In 1975 a national law was created that required students with intellectual disabilities spend as much time as is possible in gen. ed. courses. A new study by OSU researchers has found that progress in that regard has come to a standstill. No other study has examined nation-wide patterns in placement for students with these disabilities for the entire life span of the law, some 40 years.
In this time, 55-73% of students with intellectual disabilities spend nearly their whole day in specialized schools or classrooms instead of with their non-disabled peers.
Researchers used multiple data sources to find out how students between the ages of 6-21 where placed in each federally-reported educational system between 1976 and 2014.
One possibility might be that inclusion has stalled because most students are already placed in the least restrictive educational environment possible, as per the federal law. However, data from multiple states suggests that the issue could be a lack of standardization among school systems on what constitutes the “least restrictive education environment”.
The study will be published in the American Journal on Intellectual Developmental Disabilities.
Buckeye researchers are diving into new worlds, observing the interplay between bacteria and the viruses (also known as phages) that infect them. Their study was published in The ISME Journal.
Whether it’s a body of water or a human body, viruses and bacteria interact inside these bodies and influence everything from world oxygen levels to if a new born will get sick. Knowing the secrets of these interactions could help future researchers figure out how to fight disease and save the planet. For the study, the researchers used some very special equipment in league with the US Dept. of Energy.
It allowed them a real-time look at what was going on when two of the same bacteria where given the same or different viruses or phages. They then could analyze, step by step, what was happening.
Researchers say it is not yet clear exactly where their observations and work will lead, but they hope it’ll reveal ways to improve the health of humans and the world we live in. Researchers pointed out that looking beyond what they called “ideal” interactions between viruses and bacteria—a more well-rounded knowledge is needed to move forward.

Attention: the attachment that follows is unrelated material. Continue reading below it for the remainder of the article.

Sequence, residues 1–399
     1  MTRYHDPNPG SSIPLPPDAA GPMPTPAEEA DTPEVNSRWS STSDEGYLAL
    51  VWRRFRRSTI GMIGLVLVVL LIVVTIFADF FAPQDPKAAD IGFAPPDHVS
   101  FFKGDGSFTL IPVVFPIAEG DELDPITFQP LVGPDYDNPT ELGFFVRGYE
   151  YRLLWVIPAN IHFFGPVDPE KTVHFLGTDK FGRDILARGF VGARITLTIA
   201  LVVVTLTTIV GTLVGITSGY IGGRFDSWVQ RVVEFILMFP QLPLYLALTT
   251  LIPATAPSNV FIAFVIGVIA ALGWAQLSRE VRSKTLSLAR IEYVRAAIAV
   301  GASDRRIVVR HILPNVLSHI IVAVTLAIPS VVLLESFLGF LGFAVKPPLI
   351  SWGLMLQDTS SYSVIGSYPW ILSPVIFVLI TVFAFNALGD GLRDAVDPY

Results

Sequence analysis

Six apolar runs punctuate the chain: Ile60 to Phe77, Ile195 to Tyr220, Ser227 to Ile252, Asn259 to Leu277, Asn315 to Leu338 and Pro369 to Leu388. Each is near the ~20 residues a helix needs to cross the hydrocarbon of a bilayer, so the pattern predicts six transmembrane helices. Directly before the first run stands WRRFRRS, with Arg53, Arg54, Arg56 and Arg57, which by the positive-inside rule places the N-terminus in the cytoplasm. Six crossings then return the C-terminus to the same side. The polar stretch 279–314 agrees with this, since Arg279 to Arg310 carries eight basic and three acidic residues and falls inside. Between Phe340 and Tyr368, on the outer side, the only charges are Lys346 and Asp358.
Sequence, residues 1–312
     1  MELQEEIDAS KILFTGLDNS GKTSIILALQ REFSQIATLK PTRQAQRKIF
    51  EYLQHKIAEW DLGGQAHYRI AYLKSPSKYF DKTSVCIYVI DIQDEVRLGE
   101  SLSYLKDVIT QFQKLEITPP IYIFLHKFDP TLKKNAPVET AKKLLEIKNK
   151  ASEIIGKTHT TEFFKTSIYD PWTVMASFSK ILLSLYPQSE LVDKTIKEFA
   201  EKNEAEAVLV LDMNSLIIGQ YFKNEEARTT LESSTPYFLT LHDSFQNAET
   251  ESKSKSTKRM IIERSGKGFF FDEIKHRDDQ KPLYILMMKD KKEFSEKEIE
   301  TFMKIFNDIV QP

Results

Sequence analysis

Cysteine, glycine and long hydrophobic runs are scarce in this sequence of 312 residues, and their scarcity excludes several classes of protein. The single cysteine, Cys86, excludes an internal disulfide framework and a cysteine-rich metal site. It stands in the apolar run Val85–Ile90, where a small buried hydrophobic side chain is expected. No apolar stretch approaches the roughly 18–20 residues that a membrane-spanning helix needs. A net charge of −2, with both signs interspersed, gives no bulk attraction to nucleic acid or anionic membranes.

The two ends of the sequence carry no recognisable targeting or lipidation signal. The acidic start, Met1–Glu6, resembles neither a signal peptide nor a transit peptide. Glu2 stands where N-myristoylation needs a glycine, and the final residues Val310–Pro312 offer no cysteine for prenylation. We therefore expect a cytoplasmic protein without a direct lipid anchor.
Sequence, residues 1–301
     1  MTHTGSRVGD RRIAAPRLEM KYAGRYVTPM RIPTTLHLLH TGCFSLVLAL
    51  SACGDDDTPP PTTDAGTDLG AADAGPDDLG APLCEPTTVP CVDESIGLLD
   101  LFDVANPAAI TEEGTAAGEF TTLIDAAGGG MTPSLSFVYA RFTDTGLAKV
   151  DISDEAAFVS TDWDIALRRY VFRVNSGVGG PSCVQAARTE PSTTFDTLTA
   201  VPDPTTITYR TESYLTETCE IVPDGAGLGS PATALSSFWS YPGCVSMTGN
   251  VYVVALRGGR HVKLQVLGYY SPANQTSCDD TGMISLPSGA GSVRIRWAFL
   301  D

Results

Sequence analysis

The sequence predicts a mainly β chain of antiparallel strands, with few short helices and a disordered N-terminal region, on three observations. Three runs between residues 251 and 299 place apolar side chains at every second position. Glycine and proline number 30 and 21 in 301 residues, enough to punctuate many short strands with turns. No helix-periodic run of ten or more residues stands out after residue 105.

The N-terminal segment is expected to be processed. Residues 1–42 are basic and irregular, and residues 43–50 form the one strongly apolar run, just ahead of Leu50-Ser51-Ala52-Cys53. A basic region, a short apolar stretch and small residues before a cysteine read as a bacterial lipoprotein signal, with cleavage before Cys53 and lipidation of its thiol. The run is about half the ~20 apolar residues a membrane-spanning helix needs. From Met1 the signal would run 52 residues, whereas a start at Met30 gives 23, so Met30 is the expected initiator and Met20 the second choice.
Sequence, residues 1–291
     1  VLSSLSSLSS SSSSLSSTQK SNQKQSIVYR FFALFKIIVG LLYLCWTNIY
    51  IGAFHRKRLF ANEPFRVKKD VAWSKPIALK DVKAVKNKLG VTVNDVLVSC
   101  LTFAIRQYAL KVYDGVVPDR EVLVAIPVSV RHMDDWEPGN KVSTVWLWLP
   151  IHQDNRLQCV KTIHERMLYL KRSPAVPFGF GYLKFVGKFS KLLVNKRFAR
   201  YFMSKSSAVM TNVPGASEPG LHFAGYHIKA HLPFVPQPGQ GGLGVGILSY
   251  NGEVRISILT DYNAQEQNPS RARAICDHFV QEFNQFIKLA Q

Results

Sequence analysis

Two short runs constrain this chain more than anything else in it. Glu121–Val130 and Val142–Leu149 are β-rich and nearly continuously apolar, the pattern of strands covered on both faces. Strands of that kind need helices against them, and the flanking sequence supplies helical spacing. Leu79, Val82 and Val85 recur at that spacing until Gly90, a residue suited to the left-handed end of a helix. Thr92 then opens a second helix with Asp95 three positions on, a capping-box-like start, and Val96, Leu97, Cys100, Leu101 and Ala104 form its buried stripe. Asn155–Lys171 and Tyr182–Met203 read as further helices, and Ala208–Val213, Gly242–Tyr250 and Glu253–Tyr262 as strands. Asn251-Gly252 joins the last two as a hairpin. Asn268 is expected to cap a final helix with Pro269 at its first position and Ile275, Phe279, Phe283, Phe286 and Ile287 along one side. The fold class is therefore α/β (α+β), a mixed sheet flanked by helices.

According to new OSU research it turns out that for women new to the job market having gotten good grades in college could do more harm than good when entering the job market. It found that some employers might value a woman’s perceived likability over her intelligence.
Men with high GPAs were two times as likely to be called back by an employer as women with the same GPA and comparable experience and background new Buckeye sponsored study found.
This problem was even worse in some fields. Female math majors were called back at a rate of three times less than their comparable male peers.
A survey in the research found that in a pool of 261 employers they valued competence and commitment when it came to potential male employees. When it came to women they preferred who did “OK”, but did not excel academically.
Veterinary medicine contributes $13 billion annually in direct and supporting services to Ohio’s economy, according to a recent economic study. The findings are from a 2017 analysis by Regionomics, LLC, which researched veterinary medicine’s impact in economic activity and employment contributions to the Buckeye State.
The study, a collaborative effort between the Ohio Veterinary Medical Association (OVMA) and The Ohio State University College of Veterinary Medicine (CVM), found that veterinary services in Ohio contribute $2.4 billion in direct economic output while sustaining more than 23,000 jobs. Support of animal-related industries, including agricultural production, reflects an additional $10.6 billion in annual economic activity.
Veterinarians work in a variety of disciplines impacting economic growth and job creation beyond caring for companion animals. Areas not often considered as part of the veterinary field include food animal production, zoos, racetracks, health research, education and animal nutrition. The economic study not only reaffirmed the importance of veterinary medicine’s role in supporting the economic activity of these industries, but it also explored issues of veterinary geographic distribution, veterinary student loan debt and the contributions of the human-animal bond in mitigating human health care costs.
Research from The Ohio State University’s Kirwan Institute for the Study of Race and Ethnicity is helping the Columbus City Council fund new programs to aid vulnerable youth.
Kirwan Institute Senior Legal Analyst Kyle Strickland presented the findings of the report Renewing Our Call to Action at a hearing in City Hall Monday night. Columbus City Councilman Shannon Hardin hosted the hearing to present the research and announce $100,000 in funding to support programs that aid the boys and young men identified in the report.
Renewing Our Call to Action is intended to help expand the work of the city’s My Brother’s Keeper Initiative. President Obama launched the program in 2014 to address the persistent challenges faced by boys and young men of color and find ways to help these boys reach their potential.
According to the Kirwan Institute research, 45 percent of the city’s 290,100 youth between the ages of 0 and 24 live in neighborhoods that experience high or very high vulnerability.